I, like so many others, grew up on Sesame Street. The educational program was a formative experience for me as a kid. Like with Fred Rogers and his show, watching The Muppets was how I became a well-rounded child. So, it’s not surprising that I was quite interested in the documentary Street Gang: How We Got to Sesame Street. A few years ago, the Sundance Film Festival debuted the Rogers doc Won’t You Be My Neighbor?, and here at the festival this year, it’s a perfect companion piece. Once again, you’ll laugh and you’ll cry. It’s a delightful experience that any fan of the show would be wise to check out.
Street Gang: How We Got to Sesame Street is going to strike a chord for Sesame Street fans. What the doc showcases so well is why someone would love the show. Not only do we see some of the classic moments from the broadcasts, but we see behind the scenes. That’s one of the spots where it shines, too, as the Muppets truly were magic, from the puppets to the puppeteers on down.
The documentary is a look at the history of the long-running children’s television show Sesame Street. TV at the time wasn’t interested in children, except if they could sell to them. However, show director Jon Stone, as well as the legendary Jim Henson, among others, thought differently. Together, a ragtag group of artists would come together on public television to change the world, impact countless lives in the process. Over the years, things have changed in some ways, but truly, the core message remains the same.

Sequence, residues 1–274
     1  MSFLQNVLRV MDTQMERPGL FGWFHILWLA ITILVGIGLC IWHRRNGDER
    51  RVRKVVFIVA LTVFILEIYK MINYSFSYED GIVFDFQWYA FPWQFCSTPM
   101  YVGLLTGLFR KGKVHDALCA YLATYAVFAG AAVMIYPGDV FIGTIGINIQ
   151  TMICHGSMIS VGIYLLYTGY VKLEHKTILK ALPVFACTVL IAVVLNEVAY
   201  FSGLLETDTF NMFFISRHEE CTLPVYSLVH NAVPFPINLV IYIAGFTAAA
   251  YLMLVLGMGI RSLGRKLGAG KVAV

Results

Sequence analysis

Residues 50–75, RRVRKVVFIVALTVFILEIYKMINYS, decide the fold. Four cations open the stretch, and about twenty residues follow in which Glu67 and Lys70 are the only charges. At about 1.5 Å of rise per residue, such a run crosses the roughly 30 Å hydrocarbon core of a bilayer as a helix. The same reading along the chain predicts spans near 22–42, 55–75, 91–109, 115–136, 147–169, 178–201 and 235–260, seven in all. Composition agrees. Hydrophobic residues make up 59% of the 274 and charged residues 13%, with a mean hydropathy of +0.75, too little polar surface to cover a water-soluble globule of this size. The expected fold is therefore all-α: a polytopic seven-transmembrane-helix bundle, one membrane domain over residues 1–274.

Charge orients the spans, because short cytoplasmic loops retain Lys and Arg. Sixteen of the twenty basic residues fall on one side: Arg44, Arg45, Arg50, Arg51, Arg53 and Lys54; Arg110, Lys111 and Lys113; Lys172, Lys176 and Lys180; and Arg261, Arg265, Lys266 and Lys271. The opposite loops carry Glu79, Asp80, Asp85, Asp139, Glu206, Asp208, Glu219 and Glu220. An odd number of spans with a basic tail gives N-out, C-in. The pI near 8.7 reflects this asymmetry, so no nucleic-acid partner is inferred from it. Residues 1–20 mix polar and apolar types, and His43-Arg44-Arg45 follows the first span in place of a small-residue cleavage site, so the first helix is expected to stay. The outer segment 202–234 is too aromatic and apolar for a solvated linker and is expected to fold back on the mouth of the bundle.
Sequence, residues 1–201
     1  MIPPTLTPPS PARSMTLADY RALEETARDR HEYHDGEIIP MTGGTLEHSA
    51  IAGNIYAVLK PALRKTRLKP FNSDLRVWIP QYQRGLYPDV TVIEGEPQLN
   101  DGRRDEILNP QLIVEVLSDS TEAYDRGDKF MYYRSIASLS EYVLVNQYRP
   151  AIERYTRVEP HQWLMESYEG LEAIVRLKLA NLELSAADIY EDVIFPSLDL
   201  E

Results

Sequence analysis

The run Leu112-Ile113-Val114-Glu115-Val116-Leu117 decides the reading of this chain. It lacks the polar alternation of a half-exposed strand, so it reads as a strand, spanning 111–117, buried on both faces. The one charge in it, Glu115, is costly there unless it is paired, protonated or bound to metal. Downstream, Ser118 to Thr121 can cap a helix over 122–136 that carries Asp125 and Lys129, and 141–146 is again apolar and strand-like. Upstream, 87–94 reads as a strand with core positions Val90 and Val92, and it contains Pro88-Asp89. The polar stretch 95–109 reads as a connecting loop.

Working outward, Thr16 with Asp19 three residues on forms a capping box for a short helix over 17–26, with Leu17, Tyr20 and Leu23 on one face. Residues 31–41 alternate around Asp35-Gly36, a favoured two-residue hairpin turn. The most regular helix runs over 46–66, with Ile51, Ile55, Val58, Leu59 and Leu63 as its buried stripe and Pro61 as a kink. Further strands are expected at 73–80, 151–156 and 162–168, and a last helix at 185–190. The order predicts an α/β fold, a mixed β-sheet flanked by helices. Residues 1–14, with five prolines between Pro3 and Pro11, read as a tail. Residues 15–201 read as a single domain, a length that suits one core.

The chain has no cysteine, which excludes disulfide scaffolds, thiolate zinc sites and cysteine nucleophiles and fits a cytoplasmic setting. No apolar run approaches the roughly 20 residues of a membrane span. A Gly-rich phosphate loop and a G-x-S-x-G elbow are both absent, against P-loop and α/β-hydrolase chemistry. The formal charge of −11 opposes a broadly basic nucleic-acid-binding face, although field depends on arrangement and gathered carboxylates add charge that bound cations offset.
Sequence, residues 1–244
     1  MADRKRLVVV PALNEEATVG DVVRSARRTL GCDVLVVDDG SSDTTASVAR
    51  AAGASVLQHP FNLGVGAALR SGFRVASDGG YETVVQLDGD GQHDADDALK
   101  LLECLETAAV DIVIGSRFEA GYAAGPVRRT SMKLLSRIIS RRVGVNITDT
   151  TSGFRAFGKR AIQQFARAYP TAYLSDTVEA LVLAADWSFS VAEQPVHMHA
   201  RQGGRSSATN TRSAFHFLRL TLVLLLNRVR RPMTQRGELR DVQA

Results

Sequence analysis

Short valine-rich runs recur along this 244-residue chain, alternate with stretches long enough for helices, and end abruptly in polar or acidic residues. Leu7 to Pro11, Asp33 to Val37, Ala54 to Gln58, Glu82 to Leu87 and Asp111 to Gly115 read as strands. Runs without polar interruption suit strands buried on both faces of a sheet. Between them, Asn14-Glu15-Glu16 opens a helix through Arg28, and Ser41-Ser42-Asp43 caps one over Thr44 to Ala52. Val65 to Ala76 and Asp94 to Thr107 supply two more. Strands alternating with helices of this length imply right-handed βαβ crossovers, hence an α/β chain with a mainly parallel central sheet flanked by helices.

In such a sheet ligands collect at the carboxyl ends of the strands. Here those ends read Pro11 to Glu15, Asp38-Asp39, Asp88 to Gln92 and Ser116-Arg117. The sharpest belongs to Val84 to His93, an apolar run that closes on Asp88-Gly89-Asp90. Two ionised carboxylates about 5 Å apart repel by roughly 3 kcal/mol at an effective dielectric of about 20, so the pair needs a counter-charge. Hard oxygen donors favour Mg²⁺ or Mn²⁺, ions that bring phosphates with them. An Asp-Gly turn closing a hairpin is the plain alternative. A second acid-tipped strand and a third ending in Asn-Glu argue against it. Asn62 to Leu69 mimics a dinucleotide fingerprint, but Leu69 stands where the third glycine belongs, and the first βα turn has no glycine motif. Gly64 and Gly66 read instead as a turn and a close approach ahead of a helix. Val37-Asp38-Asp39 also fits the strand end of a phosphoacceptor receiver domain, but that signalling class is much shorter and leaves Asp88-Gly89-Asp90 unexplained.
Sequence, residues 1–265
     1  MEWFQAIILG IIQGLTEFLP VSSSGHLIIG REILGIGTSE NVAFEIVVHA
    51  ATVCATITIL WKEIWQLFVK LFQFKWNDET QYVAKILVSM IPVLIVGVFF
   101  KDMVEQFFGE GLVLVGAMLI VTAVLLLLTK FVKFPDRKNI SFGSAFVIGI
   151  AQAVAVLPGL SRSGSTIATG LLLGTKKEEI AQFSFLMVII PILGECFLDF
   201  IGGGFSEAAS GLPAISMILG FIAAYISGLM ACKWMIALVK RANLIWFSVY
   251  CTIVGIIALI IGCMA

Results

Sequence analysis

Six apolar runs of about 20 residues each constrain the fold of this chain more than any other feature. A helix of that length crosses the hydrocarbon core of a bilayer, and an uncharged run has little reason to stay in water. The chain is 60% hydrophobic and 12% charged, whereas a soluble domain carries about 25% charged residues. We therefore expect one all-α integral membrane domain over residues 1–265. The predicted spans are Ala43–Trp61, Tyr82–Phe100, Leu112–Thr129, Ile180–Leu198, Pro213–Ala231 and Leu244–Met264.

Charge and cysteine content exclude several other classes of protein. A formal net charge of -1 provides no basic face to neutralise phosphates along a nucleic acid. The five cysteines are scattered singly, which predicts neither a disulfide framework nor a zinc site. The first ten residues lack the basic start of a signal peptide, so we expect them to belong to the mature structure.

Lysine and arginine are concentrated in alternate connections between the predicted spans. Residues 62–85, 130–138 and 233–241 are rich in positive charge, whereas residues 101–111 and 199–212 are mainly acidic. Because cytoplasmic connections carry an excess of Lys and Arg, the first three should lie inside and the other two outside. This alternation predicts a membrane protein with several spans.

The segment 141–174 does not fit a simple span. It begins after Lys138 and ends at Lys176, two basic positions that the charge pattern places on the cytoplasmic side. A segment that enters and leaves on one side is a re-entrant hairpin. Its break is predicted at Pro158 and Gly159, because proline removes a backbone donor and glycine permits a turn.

Two moments really stand out. One is how the show handled the death of Mr. Hooper, a long-time character. Stone and company opt to explain death to Big Bird. Anyone who doesn’t shed a tear is dead inside. Then, directly after, there are some moments of outtakes from Sesame Street. Seeing either a slightly off-color remark from the Muppets or just how they went off script is a hoot. These moments don’t only cleanse the pallet, they’re just straight up a riot.
Filmmaker Marilyn Agrelo shows us behind the scenes, focusing on Jim Henson and Jon Stone. It’s a terrific choice, as she makes this documentary adaptation of Michael Davis‘ book an easy watch, as well as one you’ll learn something from. Even if it’s just how a complicated show like this gets made, you’ll surely leave the doc with new information, as well as a new appreciation for Sesame Street. Seeing how the show got made is endlessly fascinating, plain and simple. Agrelo knows this and uses it to her advantage.
Street Gang: How We Got to Sesame Street will thrill anyone who loves Sesame Street. Here at Sundance, there’s no shortage of heavy films, both narrative and documentary. So, something a bit lighter like this is extra worthwhile. It may be on the slight side and meant for fans, but it achieves every goal that it sets out to achiever. If you dig the Muppets, this is one not to miss.